The cleric, a father of five whose real name is Omar Mohammed Othman, arrived in Britain in 1993 claiming asylum and has been a thorn in the side of successive British governments.

Videos of his sermons were found in the Hamburg flat used by some of the hijackers involved in the September 11, 2001 attacks. He has also defended the killing of Jews and attacks on Americans.

A Spanish judge once branded him late Al-Qaeda leader Osama bin Laden's right-hand man in Europe, although Abu Qatada denies ever having met bin Laden.

Britain first ordered his deportation in 2005 and his appeal against that order was rejected in 2009. May then signed a fresh deportation order and Abu Qatada appealed to the European court.

He was briefly freed on bail earlier this year but then re-arrested.

In October Britain extradited another radical Islamist preacher, Abu Hamza, and four other terror suspects to the United States.

 

British PM joins GCC summit for trade talks

Morocco PM statement on Russia’s ‘destructive’ role in Syria angers Moscow

Kerry accuses right-wing Israelis of sabotaging peace process

Qatar to invest up to $13bn on 'mega projects' in 2017

Moroccan TV programme on battered women provokes outcry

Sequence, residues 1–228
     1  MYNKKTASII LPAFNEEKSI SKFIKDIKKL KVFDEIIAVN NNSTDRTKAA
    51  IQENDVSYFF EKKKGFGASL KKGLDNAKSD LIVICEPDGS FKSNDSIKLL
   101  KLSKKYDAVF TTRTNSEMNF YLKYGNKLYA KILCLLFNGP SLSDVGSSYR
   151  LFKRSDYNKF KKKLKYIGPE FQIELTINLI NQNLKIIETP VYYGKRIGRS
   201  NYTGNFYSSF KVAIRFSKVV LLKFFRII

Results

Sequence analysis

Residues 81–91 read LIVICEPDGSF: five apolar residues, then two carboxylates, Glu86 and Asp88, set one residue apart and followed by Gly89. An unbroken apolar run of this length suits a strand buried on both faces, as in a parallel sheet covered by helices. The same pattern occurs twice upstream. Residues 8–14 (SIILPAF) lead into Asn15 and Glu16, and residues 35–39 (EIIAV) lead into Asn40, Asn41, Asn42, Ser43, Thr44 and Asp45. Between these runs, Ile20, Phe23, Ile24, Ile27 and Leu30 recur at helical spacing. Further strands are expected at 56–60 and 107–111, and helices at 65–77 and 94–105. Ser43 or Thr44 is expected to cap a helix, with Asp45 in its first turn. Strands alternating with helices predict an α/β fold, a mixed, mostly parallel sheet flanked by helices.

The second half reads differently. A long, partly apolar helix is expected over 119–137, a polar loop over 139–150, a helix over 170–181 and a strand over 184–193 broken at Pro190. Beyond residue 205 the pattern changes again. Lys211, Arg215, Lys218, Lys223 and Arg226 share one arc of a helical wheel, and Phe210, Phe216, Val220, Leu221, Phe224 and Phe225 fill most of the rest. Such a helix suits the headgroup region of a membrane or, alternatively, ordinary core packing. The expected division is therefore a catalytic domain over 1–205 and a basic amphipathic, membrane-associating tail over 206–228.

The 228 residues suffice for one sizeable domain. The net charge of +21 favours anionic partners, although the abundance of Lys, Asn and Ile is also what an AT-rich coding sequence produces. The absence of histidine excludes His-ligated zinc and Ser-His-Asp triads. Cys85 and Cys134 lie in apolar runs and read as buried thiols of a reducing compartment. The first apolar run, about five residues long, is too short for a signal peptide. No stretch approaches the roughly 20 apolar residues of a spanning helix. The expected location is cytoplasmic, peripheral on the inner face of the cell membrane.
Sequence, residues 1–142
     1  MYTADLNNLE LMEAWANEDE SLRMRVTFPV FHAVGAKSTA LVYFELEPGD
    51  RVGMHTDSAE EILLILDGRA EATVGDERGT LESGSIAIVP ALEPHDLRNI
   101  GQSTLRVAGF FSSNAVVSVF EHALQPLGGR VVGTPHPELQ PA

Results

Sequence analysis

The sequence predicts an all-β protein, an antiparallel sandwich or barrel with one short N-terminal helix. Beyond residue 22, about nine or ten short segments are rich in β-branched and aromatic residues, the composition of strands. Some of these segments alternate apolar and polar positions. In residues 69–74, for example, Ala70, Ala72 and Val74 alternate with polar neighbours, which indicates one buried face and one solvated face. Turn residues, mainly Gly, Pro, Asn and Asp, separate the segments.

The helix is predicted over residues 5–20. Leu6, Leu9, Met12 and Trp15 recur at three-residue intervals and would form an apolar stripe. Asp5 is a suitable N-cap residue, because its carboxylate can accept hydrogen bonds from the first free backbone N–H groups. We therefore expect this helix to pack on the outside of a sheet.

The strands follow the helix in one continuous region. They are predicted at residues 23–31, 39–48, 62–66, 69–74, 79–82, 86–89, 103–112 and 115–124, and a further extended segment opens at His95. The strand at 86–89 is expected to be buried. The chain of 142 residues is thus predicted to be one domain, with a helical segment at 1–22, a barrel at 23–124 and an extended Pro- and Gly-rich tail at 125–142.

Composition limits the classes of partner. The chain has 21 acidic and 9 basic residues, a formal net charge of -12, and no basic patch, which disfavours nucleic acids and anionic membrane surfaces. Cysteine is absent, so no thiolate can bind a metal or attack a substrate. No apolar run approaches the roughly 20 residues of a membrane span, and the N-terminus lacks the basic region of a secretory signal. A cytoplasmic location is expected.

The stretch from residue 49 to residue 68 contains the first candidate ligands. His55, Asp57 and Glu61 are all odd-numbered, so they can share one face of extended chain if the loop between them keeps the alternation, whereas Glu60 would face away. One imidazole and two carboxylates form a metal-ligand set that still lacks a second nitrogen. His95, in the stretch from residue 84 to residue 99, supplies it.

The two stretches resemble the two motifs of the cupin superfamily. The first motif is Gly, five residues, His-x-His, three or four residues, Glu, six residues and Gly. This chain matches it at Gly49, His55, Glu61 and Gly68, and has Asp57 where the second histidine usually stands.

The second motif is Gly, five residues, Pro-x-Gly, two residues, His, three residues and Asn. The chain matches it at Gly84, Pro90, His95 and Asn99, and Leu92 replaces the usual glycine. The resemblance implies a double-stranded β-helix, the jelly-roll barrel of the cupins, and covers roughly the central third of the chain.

Libyan forces hunt remaining jihadists in Sirte

Iraqi jailed in Sweden for war crimes after Facebook post

Regime forces seize five Aleppo districts from rebels

Israeli artist erects golden Netanyahu statue in protest

Russia says US stalling on Aleppo rebel pullout

Saudi sentences 15 to death for being Iranian spies

US defence secretary says Mosul battle could end before Trump

US, NATO stress 'unity' as Trump raises doubts

Greece to extradite three Turkish coup officers

Egypt arrests 25 human organ traffickers

Israel far right hails bill to 'legalise' settler homes

Merkel says Aleppo situation ‘disgrace’

Iranian president says sanctions renewal proves US still ‘enemy’

Yemen arrests eight IS suspects in Aden

Turkey arrests opposition advisor over alleged Gulen links

Russia says OPEC, non-OPEC countries to meet in Vienna

Israel government nears deal that could 'legalise' settler homes

Yemen's Hadi would only give way to 'elected' leader

Russia says medic killed, others injured in Aleppo fighting

Greek court rejects extradition of Turkey officers

Sudan court frees 26 protesters

Syria rebels to reject Aleppo withdrawal plan

Libya loyalist forces capture Sirte

Israeli envoy to Turkey resumes work after 2010 fallout

New Iraqi law legitimising militias sparks controversy

Israel lifts ban on parcel post to Gaza

Russia, US to hold talks on rebel pullout from Aleppo

UN appeals for $22.2 billion in global aid

Air strikes kill at least 46 in Syria's Idlib

China warns against obstruction of Iran nuclear deal

First buses take Aleppo residents back to ruined homes

Kurdish restrictions cause ‘unnecessary harm’ to Iraq Yazidis

Heavy fighting shakes eastern Aleppo as army advances

Blocked news website accuses Qatar government of censorship

Yemen prepares assault on Iran backed rebels near key strait

Palestinian Fatah conference ends with boost for Abbas

Egypt court strikes down part of protest law

Syria army advances deeper into east Aleppo

US rules out military intervention in Libya

Saudi Arabia names new Labour Minister, reshuffles councils